In Turkey, the government suspended the market licence for bupropion (Zyban) for 3 months in response to an illegal DTCA campaign (Semin et al. 2007). Turkey represents an example of a middle-income country that has experienced rapid growth in pharmaceutical spending. In 1998, 35% of total health-care spending was on pharmaceuticals, a greater relative proportion than in higher-income countries (Savas et al. 2002). Prescribing rates are higher than in most industrialized countries, polypharmacy is a serious problem and enforcement of prescription-only status poor. Semin and colleagues discuss the extra vulnerability of countries like Turkey to harm from DTCA both through increased spending in this area and because prescription-only status is poorly enforced, so a person may buy an advertised medicine without visiting a doctor (Semin et al. 2007).
Canada has been subject to strong pressure to introduce DTCA (Merck Frosst June 17, 1996; Mintzes 2006) and US magazines, cable and satellite television reach Canadian audiences with prescription drug advertising that is illegal under Canadian law (Mintzes 2008). Researchers compared prescribing rates for three drugs advertised in US media in English-speaking Canada versus Quebec, which is mainly francophone, and thus is less affected by US media. They found an effect on prescribing rates for one product, tegaserod (Zelnorm), a drug that was since withdrawn from the market for safety reasons (Law and Soumerai 2008). No effect on prescribing was seen for the other two drugs: mometasone, which was reimbursed without restrictions in Quebec, but not in most English provinces, and etanercept (Enbrel), a medicine provided in specialist care to a limited group of patients. These findings strongly suggest that the success of DTCA in stimulating sales is mediated by other factors such as reimbursement status (Hansen et al. 2005).
There are many forms of advertising of medicines on the Internet, including sites that directly offer products for sale, with few controls to ensure the quality, efficacy and safety of promoted products, or to ensure the accuracy of promotional claims. A study commissioned in 2009 by the Netherlands Health Inspectorate analyzed 41 web sites offering health information in the Dutch language: 32 were either hosted or sponsored by a pharmaceutical company, and 23 (72%) contravened national regulations by referring directly or indirectly to a specific prescription medicine (Nuland et al. 2009). An analysis of the top 50 web sites on schizophrenia on Google and Yahoo (n = 64 in total) identified 58% as pharmaceutical-industry funded (Read 2008). Those funded by industry were significantly more likely to support biological or genetic causes and to ignore the role of psychosocial stressors, to emphasize medication rather than psychological treatments, to portray schizophrenia as a more debilitating and chronic illness, and to discuss risks of violence if patients came off medication. John Read, the author of this study, comments: “For the websites examined in this study, perspectives and statements that are likely to increase drug sales are significantly more likely to appear on web sites funded by drug companies.” In its warning letters and notices of violations from 2005 through 2014 related to online promotional activities of prescription drugs advertised directly to consumers, the FDA expressed considerable concern over this type of promotion for cancer treatments, which require regular prescriptions for long-term treatment. The most significant finding from an analysis of these documents suggests that the online promotional content of prescription drugs fails to present risks and benefits in a balanced manner (Kim 2015).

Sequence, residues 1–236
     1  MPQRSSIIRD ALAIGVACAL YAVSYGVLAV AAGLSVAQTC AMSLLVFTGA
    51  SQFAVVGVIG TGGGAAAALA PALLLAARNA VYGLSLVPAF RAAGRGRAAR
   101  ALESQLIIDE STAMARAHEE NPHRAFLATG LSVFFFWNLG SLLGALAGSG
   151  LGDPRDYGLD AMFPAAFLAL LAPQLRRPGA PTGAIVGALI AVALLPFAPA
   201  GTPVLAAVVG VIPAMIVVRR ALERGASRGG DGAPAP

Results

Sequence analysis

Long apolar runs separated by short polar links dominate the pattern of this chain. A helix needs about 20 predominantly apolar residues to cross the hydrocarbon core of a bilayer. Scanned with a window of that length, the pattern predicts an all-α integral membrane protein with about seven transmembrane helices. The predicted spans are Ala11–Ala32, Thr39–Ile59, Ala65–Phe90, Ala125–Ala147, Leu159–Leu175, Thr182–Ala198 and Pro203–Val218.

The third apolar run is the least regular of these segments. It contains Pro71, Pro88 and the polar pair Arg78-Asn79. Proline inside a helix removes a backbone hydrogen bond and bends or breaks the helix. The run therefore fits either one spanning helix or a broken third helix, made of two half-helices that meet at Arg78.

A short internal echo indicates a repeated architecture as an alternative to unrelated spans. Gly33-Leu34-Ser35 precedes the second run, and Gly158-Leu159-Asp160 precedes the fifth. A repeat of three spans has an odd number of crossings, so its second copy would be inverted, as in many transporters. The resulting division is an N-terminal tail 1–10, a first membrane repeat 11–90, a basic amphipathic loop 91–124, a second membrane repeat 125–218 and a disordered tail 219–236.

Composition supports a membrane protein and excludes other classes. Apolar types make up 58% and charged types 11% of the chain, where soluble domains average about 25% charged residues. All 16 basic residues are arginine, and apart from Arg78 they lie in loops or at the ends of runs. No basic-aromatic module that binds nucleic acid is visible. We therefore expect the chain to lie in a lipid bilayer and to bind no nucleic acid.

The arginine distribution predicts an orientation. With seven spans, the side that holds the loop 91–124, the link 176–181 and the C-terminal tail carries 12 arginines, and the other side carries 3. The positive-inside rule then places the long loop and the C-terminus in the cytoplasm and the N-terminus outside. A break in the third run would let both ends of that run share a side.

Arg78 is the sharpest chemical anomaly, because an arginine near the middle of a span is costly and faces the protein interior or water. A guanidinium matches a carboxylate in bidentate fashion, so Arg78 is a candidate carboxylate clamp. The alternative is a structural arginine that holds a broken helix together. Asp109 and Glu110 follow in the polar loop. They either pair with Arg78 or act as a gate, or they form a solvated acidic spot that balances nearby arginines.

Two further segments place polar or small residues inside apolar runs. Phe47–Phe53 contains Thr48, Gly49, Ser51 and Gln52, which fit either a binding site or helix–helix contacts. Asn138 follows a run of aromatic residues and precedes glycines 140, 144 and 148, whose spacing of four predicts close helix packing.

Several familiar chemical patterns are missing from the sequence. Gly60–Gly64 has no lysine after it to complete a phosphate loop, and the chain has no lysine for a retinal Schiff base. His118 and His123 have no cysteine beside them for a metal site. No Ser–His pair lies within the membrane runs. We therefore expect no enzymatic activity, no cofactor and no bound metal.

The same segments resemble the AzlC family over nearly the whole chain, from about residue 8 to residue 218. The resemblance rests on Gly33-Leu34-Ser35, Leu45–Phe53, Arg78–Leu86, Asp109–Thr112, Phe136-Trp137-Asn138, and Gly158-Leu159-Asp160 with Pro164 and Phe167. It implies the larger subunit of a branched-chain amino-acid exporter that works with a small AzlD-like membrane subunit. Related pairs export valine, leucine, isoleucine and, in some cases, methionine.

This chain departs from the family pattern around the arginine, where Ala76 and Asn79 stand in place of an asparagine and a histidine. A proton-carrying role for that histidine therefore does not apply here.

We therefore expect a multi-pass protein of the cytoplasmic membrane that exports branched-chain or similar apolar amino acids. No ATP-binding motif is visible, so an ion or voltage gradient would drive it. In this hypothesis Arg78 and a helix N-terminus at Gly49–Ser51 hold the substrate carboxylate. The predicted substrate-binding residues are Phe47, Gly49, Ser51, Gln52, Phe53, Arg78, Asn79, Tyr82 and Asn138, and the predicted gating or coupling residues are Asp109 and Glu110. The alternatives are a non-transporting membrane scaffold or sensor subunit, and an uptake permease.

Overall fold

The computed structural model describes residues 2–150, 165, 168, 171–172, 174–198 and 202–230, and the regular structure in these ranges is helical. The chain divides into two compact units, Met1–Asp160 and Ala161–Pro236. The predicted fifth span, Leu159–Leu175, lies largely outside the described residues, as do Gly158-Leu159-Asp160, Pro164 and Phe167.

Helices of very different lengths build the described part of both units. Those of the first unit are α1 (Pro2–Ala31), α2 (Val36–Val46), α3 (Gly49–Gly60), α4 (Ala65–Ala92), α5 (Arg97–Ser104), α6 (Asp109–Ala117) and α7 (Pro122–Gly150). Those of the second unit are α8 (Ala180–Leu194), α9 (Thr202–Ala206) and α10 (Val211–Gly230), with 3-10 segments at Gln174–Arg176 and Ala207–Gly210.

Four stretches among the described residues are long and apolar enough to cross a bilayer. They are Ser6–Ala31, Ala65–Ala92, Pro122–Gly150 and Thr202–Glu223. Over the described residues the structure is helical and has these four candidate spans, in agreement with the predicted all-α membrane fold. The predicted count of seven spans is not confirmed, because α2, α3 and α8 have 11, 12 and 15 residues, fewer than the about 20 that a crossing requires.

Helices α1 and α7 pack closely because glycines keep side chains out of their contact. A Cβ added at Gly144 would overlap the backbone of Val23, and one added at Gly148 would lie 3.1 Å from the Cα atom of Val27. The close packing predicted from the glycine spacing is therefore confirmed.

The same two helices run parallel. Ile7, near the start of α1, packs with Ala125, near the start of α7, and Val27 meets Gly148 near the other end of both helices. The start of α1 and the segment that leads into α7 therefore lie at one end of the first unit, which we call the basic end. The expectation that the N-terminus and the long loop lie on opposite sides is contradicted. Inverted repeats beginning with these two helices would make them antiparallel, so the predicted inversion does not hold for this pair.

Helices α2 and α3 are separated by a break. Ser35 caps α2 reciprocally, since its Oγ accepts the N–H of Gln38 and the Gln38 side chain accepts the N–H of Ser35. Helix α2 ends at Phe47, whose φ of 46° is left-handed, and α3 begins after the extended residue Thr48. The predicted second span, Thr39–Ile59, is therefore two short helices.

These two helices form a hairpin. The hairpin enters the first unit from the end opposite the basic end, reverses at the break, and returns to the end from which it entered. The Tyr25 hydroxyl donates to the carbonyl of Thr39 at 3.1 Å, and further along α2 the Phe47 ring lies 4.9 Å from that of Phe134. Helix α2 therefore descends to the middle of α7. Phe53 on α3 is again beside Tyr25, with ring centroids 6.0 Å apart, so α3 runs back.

Pharmaceutical companies also target the public directly through disease awareness campaigns or help-seeking advertisements. These materials usually contain health and disease information which focus on symptoms and suggest a visit to the doctor to learn more about new treatments. A study explored examples of such campaigns in printed media in the Netherlands by assessing their compliance with the WHO Ethical Criteria for medicinal drug promotion and the Dutch guidelines for provision of information by pharmaceutical companies. It concluded that although brand names were not mentioned in the campaigns, there was an overwhelming lack of compliance with the regulations mainly due to a lack of balance, absence of a listed sponsor, use of misleading or incomplete information and use of promotional information (Leonardo Alves et al. 2014).
Initiatives to Regulate Promotion
Most major pharmaceutical companies have their own codes of ethics that, in some countries, involve disclosure of information on payments to third parties. In the US, Eli Lilly discloses both individual and organizational funding on its website (www.lilly.com), and Pfizer discloses funding to organizations (www.pfizer.com) (Steinbrook 2007). Rothman and colleagues examined the profile of ‘health advocacy organizations’ funded by Eli Lilly, including both patient and professional groups (Rothman et al. 2011). The conditions these groups represented were highly correlated with Eli Lilly drug sales; in the case of both groups, neurosciences, endocrinology and oncology conditions predominated. Although the company had disclosed financing, only 25% of funded organizations did so, and only 10% acknowledged Lilly funding of events. This study highlighted the importance of manufacturer disclosure of funding, and the need for concurrent stronger standards for transparency among funded organizations.